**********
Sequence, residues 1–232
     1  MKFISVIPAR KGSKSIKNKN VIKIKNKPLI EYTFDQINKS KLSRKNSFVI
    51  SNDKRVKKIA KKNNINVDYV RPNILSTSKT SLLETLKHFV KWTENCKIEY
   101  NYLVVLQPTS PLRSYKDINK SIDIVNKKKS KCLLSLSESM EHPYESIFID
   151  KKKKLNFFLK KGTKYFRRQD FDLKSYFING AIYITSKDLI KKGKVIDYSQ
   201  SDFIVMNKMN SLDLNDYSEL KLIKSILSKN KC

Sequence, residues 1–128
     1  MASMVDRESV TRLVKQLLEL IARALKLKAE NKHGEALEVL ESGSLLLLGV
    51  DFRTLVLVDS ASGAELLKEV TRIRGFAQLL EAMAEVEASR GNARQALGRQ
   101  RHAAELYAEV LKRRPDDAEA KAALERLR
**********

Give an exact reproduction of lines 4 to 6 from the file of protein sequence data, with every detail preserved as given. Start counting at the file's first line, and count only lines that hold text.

   101  NYLVVLQPTS PLRSYKDINK SIDIVNKKKS KCLLSLSESM EHPYESIFID
   151  KKKKLNFFLK KGTKYFRRQD FDLKSYFING AIYITSKDLI KKGKVIDYSQ
   201  SDFIVMNKMN SLDLNDYSEL KLIKSILSKN KC